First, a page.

New York Gov. Andrew Cuomo (D) held a media briefing this afternoon, and rejected the notion that Hurricane Sandy was a "once-in-a-generation" event, instead emphasizing the "frequency of these extreme weather events" and the need to plan accordingly.
The governor added an angle that sometimes goes overlooked when dealing with disasters like these.
"It's a longer conversation, but I think part of learning from this is the recognition that climate change is a reality, extreme weather is a reality, it is a reality that we are vulnerable. [...]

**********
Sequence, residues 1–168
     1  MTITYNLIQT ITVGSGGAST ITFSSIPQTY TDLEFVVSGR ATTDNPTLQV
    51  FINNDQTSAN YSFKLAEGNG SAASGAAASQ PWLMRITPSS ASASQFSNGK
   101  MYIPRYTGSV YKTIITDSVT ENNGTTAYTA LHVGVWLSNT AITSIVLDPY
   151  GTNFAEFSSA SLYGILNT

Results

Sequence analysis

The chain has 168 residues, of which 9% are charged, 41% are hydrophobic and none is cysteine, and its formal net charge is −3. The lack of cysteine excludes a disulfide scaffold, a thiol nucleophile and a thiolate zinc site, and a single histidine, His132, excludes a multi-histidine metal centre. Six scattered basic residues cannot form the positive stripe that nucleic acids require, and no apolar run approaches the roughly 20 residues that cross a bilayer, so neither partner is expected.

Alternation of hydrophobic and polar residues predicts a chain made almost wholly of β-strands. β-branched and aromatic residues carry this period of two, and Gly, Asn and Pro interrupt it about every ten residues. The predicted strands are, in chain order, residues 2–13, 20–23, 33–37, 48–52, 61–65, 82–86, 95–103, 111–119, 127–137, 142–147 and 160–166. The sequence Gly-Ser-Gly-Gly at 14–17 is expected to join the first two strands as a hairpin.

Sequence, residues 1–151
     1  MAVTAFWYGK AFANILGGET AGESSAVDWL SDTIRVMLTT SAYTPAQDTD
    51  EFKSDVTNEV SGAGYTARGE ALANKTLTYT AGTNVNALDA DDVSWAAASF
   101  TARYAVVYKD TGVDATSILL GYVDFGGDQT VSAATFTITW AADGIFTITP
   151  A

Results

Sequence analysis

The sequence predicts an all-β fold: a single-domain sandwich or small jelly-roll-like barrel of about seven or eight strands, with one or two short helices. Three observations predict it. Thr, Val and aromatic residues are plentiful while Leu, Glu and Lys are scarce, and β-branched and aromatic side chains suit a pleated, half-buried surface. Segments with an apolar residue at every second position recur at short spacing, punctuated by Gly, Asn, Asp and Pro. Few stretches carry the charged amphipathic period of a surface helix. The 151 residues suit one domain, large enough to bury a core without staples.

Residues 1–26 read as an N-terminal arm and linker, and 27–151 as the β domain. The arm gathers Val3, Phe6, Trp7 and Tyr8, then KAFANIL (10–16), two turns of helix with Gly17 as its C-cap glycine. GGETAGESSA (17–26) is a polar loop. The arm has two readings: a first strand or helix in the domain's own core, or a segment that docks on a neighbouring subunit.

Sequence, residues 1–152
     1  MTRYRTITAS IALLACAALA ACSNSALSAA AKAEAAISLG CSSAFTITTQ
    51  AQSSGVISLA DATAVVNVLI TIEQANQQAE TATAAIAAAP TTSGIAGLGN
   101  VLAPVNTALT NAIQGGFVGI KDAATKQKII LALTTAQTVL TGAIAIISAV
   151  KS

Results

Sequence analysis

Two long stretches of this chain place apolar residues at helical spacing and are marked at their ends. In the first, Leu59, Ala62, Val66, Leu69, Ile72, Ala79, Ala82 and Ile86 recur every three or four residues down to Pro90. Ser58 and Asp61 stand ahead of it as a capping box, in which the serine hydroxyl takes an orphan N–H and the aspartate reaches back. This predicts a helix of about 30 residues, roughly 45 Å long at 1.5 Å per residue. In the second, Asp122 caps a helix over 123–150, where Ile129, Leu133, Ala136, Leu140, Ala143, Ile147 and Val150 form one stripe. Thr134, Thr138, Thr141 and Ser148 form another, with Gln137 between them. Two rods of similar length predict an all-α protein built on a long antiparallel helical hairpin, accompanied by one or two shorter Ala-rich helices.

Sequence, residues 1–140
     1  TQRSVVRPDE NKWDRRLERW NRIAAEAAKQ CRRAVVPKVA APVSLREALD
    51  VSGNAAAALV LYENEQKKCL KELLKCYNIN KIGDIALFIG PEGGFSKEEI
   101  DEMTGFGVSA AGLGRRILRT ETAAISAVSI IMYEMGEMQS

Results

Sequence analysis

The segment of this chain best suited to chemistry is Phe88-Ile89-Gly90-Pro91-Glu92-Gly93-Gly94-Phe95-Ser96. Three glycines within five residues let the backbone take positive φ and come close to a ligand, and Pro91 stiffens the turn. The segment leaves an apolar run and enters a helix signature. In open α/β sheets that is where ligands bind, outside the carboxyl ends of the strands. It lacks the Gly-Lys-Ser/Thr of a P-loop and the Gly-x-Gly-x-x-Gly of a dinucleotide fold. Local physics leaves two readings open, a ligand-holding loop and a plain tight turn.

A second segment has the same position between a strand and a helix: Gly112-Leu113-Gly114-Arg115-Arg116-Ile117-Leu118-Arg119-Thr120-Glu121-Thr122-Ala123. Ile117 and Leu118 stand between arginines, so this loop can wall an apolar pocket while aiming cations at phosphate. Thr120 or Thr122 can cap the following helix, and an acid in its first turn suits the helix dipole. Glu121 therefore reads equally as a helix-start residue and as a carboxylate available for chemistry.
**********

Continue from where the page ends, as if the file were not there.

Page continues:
"Climate change is a controversial subject, right? People will debate whether there is climate change ... that's a whole political debate that I don't want to get into. I want to talk about the frequency of extreme weather situations, which is not political ... There's only so long you can say, 'This is once in a lifetime and it's not going to happen again.'
"The frequency is way up. It is not prudent to sit here, I believe, to sit here and say it's not going to happen again. Protecting this state from coastal flooding is a massive, massive undertaking. But it's a conversation I think is overdue."
As a reminder, I'd note that over the summer, several Republican policymakers in coastal states said states should not even try to anticipate rising sea levels when making infrastructure plans. Cuomo was offering a more sensible approach today.